PRFCT Tips

Tagged with "Pollinators"

Fireflies 1

Glow on, Flashy Friends

July 20, 2018

July Comet!  Marsh Imp! Twilight Bush Baby! There are at least 170 different species of fireflies in the US, and they have great names. 

Did you know that different species of fireflies have their own flash patterns? 
Did you know that firefly larvae live in the ground and are voracious predators to slugs, snails and aphids – providing natural pest control.

Remember poking holes in jar lids and hunting for fireflies in a field swarming with them? Since 2010, scientists have been observing a steady decline of firefly populations and believe it is cased by habitat loss, light pollution from cities and vehicles, and of course, pesticide use.  

How to help our flashy friends, and restore the population on your property? Provide habitat, like leave mulch, and a water source, like a bird bath.  Turn your unnecessary lights off at night, and kick the toxic pesticide habit.  Don't Spray. 

Sam Droge Bees2

How you can help save these species, and your own. 

Here's the real buzz, we need native bees in order to survive as a species. 

There are 4,000 native bee species in the United States and they are responsible for 80% of the pollination of flowering plants and for 75% of fruits, nuts and vegetables grown in this country. Here's more buzz, most are stingless and no one has ever had an allergic reaction to a native bee sting. 

What can YOU do to help save native bees?

- Do not use chemicals in your yard and garden.
- Plant native flowers that bloom early in the spring like bloodroot, wild geranium, shadbush and spicebush when bees are foraging for nectar. Dandelions are another favorite of native, pollinating bees.
- Leave your biomass: turn a fallen tree into a log wall. Leave hollow reeds in an unused corner of the yard. These make great nesting spots for native bees.
- Do not buy plants that have been treated with neonicotinoids
- Ask your local garden supply stores to stop stocking products that contain them.

Pollinator on a flower

June 19-25 is National Pollinator Week. Why all the buzz?

• Bees pollinate 75% of the fruit, nuts, and vegetables grown in the United States.

• Native bees are responsible for pollinating many plants endemic to the Americas, including tomatoes and eggplant.

• Over 4,000 species of bees are native to the United States. Honeybees are not—they were brought to the Americas by European settlers.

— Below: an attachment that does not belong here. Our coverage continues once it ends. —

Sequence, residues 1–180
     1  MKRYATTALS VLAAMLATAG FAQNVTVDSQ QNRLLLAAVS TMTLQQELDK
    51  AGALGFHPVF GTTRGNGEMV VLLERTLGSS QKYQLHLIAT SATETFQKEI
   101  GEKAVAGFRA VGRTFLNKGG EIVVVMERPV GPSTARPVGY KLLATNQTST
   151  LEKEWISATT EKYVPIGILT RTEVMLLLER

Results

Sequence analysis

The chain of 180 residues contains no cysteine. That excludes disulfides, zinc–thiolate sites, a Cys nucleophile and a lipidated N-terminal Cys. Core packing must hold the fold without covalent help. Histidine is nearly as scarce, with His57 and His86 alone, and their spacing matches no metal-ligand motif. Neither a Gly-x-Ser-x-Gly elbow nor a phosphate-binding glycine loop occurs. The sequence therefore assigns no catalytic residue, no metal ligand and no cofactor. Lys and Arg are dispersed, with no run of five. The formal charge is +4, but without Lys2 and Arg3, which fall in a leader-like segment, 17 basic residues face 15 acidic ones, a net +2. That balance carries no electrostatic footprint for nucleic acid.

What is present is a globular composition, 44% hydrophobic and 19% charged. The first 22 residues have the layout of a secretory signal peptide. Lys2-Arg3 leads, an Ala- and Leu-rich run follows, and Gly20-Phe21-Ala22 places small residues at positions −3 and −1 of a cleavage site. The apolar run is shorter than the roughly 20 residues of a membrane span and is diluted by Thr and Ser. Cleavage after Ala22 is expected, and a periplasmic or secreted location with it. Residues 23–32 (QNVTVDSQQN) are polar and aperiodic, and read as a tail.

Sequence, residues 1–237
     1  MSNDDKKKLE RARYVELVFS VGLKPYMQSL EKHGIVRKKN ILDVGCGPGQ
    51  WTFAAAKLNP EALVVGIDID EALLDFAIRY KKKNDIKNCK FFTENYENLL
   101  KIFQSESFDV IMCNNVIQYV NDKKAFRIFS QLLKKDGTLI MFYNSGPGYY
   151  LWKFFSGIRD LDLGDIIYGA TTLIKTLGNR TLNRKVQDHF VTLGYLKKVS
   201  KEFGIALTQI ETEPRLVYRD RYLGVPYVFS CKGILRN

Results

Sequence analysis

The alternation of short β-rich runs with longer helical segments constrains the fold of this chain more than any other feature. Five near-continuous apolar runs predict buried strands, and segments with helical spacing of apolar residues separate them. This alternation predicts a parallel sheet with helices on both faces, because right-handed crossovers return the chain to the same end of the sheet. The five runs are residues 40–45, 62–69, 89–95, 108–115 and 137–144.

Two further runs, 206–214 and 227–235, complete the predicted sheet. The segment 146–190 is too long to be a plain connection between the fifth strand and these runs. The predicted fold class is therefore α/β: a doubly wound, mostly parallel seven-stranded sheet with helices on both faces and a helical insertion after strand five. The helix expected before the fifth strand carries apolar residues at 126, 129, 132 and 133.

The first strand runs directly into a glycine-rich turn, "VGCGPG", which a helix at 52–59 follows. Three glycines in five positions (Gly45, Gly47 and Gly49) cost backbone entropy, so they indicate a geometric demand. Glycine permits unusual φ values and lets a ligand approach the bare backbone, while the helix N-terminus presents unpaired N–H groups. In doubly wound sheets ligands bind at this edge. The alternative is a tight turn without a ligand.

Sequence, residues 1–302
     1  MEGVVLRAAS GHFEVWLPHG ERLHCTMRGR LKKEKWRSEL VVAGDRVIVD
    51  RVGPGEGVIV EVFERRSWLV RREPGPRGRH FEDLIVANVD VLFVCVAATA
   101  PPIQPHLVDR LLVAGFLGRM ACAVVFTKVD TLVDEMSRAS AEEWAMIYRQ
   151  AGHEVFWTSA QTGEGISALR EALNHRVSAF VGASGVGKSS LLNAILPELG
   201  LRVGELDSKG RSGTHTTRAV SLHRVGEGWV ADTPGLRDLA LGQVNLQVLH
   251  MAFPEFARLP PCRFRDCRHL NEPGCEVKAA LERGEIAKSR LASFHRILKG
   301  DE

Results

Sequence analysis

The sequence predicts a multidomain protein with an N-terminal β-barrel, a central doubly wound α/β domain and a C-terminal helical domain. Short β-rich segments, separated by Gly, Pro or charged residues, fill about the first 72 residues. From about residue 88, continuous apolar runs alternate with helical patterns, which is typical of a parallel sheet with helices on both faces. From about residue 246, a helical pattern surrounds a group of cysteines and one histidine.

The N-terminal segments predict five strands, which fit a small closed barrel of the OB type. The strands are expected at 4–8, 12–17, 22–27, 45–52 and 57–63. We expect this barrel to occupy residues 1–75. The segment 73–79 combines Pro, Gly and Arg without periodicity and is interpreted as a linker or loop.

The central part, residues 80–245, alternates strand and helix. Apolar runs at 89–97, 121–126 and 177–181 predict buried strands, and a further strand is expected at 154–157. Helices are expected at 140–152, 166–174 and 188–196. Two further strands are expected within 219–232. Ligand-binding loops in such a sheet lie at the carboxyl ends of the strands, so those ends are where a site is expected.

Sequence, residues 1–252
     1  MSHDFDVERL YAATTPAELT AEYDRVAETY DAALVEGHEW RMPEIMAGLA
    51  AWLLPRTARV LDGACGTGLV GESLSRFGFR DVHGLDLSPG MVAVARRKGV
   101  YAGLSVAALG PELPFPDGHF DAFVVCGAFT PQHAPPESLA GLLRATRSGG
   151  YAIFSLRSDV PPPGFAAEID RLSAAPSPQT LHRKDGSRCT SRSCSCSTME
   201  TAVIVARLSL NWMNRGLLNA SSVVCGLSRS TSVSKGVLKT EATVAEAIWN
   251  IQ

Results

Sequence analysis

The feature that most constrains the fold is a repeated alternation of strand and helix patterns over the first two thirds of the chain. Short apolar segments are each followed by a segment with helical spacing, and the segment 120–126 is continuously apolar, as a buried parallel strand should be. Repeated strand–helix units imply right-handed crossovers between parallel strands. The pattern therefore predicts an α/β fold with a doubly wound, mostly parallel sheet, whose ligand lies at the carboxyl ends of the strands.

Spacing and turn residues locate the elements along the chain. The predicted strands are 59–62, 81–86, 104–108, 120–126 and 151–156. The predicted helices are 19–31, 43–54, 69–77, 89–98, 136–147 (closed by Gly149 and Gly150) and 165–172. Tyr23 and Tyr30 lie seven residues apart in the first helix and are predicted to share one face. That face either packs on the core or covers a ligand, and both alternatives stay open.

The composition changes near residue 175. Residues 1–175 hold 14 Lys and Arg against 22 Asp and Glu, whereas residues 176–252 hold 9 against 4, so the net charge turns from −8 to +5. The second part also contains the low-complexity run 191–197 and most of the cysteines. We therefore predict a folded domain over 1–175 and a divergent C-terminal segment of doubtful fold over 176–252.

Is your yard pollinator friendly? Here’s how it can be:

• Do not apply broadcast sprays for mosquitos and ticks, especially synthetic products. Broadcast sprays kill all insects, not just pests. Even organic sprays can be toxic to bees and butterflies.

• If you plan on having an event or are especially concerned about ticks or mosquitos, apply a plant-based essential oil-based spray using a pressurized pump sprayer with a long arm that can get into small spaces. Only spray in early morning or evening when pollinators are less active.

• Plant native plants to support native insect populations. Many insects are dependent on specific plants for shelter and food (think monarchs and milkweed), and many native crops (think tomatoes and eggplants) are dependent on native insects for pollination.

• Plant host plants, not just flowers. Before you can have a garden full of butterflies, you need to provide a food source for their caterpillars. Keep in mind that these plants will get munched, but you might not even notice the damage.

• Pollinators get dehydrated, so provide a water source for your bees and butterflies. To prevent your bug bath from becoming a mosquito breeding ground, change the water frequently.

Photo credit: Indra Widi / EyeEm / Getty Images

Clover heart

Dear clover,

Why is "love" at the heart of your name? Because there's so much to love about your lovely green leaves!

1. You fertilize our lawns—for free. No need for synthetic fertilizer when you pull nitrogen from the air and release it back into the soil every time we mow.

2. You stay green under the toughest conditions. Those nitrogen-fixing roots run deep, keeping our lawns lively and lush even in the hottest, driest months.

3. Pollinators love your flowers—and we love pollinators. (We've got tips on avoiding bee stings in clover lawns.)

4. You're the stuff of childhood memories. Doesn't every kid love hunting for your lucky four leaves?

See you in spring!

XOXO,
The PRFCT Team

Bat house

Bats Are Good Guys

October 27, 2016

Bats get a bad rap, especially this time of year. Instead of screaming the next time you see one, consider the following:

  • Every night, an insect-eating bat will eat its own weight in bugs. A whole colony? Hundreds of pounds of bugs a night. More bats = fewer mosquitos in your yard, fewer pests in your garden, fewer pesticides sprayed.
  • Bats eat more than bugs. Around the world, fruit- and pollen-munching bats are important pollinators and seed dispersers.
  • Installing a bat house (see photo above) is a great way to encourage these furry flying friends to take up residence on your property.
  • Using pesticides is not. Pesticides, especially insect sprays, limit the amount of bugs and other healthy food for bats to eat. Pesticides also build up in bats' little bodies over time, which has been linked to immunosuppression and endocrine disruption.

More Tips